Update on Mumia


Clark Kissinger

Mumia’s

legal team and the attorneys for the state of Pennsylvania were asked to a

meeting this past Tuesday morning with federal judge William Yohn in his

chambers to "get acquainted." This was expected and is usually the way

a major case like this begins.

When

they arrived at 9:30 a.m. on Tuesday, they were conducted into the courtroom

where Judge Yohn took the bench and went on the record. This was totally

unexpected since the defense team had not even filed the necessary papers to

allow them to appear in the federal district court for Eastern Pennsylvania

(they are from another federal court district).

There

was no one else present in the courtroom except a Philadelphia Inquirer court

reporter. This is when Judge Yohn announced that he was granting the stay of

execution, although he did not sign it on the spot. [A number of people have

asked if the stay is "permanent" or "temporary." Such a stay

is a temporary order, preventing the execution until the judge can consider the

petition to have Mumia's original conviction overturned. Once the case is ruled

on by the judge, the stay will be "vacated" (ended)].

The

judge asked where the trial record was, and the state said that they would bring

it in for him.

Since

the petition submitted by Mumia’s lawyers on October 16 contained only the

arguments regarding facts, the judge ordered them to submit a memorandum of law

citing the relevant legal precedents for the requests they have made in their

petition for a writ of habeas corpus. This is to be submitted by December 7.

The

state then asked for 90 days to respond, but the judge gave them only 60 days to

submit a reply (which would be by February 11). Then Len Weinglass asked for 30

days to file a short rejoined to the state’s reply, and he was given 20 days and

a limit of 20 pages (this would be due on March 2).

After

the judge gets all these papers, he will then set a date for the first major

court appearance, at which time Mumia will be present. Thus Mumia’s first court

appearance could be in early March, but could be later depending on the judge’s

calendar and case load.

Weinglass

raised the issues of discovery (an order from the court to the state to produce

key documents) and an evidentiary hearing (where witnesses would be questioned).

The judge indicated that the 1996 Effective Death Penalty Act made an

evidentiary hearing unlikely, but he told Weinglass to put his argument for such

a hearing in his Dec. 7 filing. In response to the judge’s questions, Weinglass

indicated that were 10 to 15 (of the 29 issues raised) on which he would like to

present evidence, and he thought it would take two or three weeks to do so. (If

the judge denies an evidentiary hearing, he will be in the position of

condemning Mumia without even hearing from him.)

After

Judge Yohn rules of some of the procedural points (perhaps in March), such as

discovery and an evidentiary hearing, there is expected to be another round of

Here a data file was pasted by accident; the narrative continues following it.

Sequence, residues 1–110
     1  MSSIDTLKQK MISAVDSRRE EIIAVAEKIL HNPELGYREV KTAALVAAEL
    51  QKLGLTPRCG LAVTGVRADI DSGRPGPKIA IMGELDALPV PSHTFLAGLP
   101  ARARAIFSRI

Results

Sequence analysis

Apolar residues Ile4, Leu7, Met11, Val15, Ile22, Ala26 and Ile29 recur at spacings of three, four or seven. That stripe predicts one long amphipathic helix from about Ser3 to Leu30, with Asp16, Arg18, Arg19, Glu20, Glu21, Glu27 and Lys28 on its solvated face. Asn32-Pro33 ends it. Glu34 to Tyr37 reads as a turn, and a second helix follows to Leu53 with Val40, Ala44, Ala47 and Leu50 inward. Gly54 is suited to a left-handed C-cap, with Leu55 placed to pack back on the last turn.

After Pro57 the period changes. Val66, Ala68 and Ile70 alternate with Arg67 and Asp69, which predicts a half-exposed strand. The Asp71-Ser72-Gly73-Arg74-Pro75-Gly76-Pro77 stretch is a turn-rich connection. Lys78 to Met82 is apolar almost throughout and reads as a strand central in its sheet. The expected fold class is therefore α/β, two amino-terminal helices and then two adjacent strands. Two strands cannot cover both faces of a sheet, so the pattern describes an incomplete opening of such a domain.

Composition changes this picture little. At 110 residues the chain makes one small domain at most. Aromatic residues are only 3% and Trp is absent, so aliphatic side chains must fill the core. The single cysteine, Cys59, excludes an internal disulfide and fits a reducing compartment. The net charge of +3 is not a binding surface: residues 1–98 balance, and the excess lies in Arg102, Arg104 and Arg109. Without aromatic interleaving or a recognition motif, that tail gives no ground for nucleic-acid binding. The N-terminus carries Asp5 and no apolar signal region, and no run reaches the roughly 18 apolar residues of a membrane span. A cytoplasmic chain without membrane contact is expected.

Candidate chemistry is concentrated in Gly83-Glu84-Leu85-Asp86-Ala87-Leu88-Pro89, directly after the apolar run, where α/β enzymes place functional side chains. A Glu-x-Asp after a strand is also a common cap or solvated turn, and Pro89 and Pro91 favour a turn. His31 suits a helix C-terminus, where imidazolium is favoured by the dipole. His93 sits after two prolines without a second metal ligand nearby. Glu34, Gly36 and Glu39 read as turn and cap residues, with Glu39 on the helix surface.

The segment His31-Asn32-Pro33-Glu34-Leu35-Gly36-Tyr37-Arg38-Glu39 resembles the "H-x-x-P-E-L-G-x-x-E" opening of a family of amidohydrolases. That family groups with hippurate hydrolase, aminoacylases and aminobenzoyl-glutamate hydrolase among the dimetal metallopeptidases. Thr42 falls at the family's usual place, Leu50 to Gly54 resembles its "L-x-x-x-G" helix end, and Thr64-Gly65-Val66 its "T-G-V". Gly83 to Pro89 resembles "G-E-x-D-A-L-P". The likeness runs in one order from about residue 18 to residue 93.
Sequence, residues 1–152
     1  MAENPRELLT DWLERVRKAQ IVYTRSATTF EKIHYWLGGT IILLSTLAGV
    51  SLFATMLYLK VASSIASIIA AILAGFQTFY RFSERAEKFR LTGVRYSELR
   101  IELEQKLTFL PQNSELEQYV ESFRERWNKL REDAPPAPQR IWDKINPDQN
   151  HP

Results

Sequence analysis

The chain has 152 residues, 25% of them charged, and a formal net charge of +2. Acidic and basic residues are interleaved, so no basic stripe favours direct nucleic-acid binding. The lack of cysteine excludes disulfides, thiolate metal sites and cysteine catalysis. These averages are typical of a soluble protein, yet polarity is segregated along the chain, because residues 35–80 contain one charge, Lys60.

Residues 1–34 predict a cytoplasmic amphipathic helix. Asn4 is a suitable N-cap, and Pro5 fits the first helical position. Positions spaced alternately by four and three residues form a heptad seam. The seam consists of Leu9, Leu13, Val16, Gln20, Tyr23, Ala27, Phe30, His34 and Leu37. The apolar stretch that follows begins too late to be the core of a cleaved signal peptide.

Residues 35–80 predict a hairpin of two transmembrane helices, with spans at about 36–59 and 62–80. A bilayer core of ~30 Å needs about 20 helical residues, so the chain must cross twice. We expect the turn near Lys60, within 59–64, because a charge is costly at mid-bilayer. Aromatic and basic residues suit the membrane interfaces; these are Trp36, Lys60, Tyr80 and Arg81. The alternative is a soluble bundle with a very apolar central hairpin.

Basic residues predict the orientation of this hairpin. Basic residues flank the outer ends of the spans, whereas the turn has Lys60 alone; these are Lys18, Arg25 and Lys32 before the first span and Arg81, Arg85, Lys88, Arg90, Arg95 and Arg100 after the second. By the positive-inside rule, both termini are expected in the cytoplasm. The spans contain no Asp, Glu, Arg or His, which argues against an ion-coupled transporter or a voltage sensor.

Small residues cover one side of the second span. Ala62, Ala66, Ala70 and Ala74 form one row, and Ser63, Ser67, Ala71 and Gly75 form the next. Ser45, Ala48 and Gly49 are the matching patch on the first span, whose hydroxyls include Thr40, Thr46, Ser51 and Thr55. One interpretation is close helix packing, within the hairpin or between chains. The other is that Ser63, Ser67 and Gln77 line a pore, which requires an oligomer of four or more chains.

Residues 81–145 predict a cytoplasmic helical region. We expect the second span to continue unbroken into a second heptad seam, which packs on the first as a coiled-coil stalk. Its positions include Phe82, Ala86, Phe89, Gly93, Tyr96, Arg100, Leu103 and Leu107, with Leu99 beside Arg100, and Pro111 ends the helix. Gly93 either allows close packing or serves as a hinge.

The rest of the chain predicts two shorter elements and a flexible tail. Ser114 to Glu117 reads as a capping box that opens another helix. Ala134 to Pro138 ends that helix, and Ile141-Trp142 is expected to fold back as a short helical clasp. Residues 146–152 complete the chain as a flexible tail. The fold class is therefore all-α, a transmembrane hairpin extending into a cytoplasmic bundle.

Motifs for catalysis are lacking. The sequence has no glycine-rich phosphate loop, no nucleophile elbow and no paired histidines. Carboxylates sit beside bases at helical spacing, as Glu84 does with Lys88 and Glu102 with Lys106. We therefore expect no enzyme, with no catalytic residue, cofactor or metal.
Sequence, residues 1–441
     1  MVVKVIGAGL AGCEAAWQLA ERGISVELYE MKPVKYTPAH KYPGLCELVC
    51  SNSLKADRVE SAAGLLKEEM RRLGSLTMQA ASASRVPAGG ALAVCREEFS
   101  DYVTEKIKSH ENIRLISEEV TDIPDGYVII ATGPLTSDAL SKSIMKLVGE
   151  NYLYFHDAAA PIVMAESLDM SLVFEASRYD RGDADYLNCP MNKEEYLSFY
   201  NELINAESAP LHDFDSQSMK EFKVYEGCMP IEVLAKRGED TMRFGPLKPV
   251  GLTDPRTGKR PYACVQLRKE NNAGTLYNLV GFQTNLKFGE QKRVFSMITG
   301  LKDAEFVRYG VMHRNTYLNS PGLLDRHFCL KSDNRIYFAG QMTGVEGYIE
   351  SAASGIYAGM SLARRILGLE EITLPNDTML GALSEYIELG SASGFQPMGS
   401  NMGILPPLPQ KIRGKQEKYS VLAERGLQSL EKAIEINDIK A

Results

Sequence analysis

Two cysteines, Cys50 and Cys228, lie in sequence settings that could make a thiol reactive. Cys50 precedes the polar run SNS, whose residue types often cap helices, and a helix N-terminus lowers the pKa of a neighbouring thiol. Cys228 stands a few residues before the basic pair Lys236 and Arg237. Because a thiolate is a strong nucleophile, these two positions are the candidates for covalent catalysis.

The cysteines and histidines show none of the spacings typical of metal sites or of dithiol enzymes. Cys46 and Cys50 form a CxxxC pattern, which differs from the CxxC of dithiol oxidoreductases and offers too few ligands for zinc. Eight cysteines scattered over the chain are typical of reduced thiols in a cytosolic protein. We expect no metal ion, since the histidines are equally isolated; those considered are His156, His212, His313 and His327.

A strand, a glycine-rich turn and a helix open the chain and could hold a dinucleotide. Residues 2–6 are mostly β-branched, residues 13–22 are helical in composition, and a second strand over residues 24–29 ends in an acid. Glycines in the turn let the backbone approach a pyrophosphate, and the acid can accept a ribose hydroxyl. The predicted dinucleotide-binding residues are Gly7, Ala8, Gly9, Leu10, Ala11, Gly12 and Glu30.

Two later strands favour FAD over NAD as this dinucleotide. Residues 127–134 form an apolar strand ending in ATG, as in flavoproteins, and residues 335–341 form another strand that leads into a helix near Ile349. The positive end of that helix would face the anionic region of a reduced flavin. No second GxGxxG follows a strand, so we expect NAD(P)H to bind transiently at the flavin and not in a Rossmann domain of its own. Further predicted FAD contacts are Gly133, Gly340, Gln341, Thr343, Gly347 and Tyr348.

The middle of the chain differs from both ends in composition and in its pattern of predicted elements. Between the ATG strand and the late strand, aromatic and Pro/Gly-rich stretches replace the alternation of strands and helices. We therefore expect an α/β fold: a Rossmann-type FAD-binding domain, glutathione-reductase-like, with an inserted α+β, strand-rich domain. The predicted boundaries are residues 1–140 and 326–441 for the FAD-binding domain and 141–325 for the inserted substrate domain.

legal briefs, followed by oral arguments.

Several

other issues came up. First, the judge asked if Mumia’s attorneys were aware

that the state could "depose" Mumia. (They did know this.) Since a

petition of habeas corpus is a civil action, the "respondents" (those

named in Mumia’s petition as holding him illegally) are allowed to take a

deposition, that is, question Mumia under oath. (Mumia can have his attorneys

present if this happens.)

The

judge indicated that Mumia will be present for all hearings in his court, and he

asked Mumia’s attorneys if they had any concern about Mumia’s safety. Weinglass

raised the issue that Sabo had allowed large numbers of armed police in the

courtroom. Judge Yohn said that there would be no armed cops as spectators in

his courtroom.

The

judge also brought up the issue of the letters he has been receiving. Weinglass

asked if he had been receiving mail from both sides, and he replied "No,

only for a new trial." He indicated that he didn’t think it would be

correct for him to read them, and asked if Weinglass would accept them (which he

agreed to do). Later the judge mentioned that he had received a very few letters

opposing a new trial, and he would give these to the state.

Weinglass

has already received over 500 letters directly from the public, and he indicates

that some of them are very moving and should be printed.

We

cannot draw any definitive conclusions about this judge from this one short

encounter. A great range of this possibilities exist, from a worst case scenario

of no evidentiary hearing and a quick summary judgment against Mumia; to a

hearing with unknown results; to a summary judgment (without a hearing) in

Mumia’s favor.

The

main thing we learned was the schedule of events for the next few months. This

does not mean that people can now "relax." We are now on the federal

fast track, and every day counts in building the movement to save and win a new

trial for Mumia Abu-Jamal.

 

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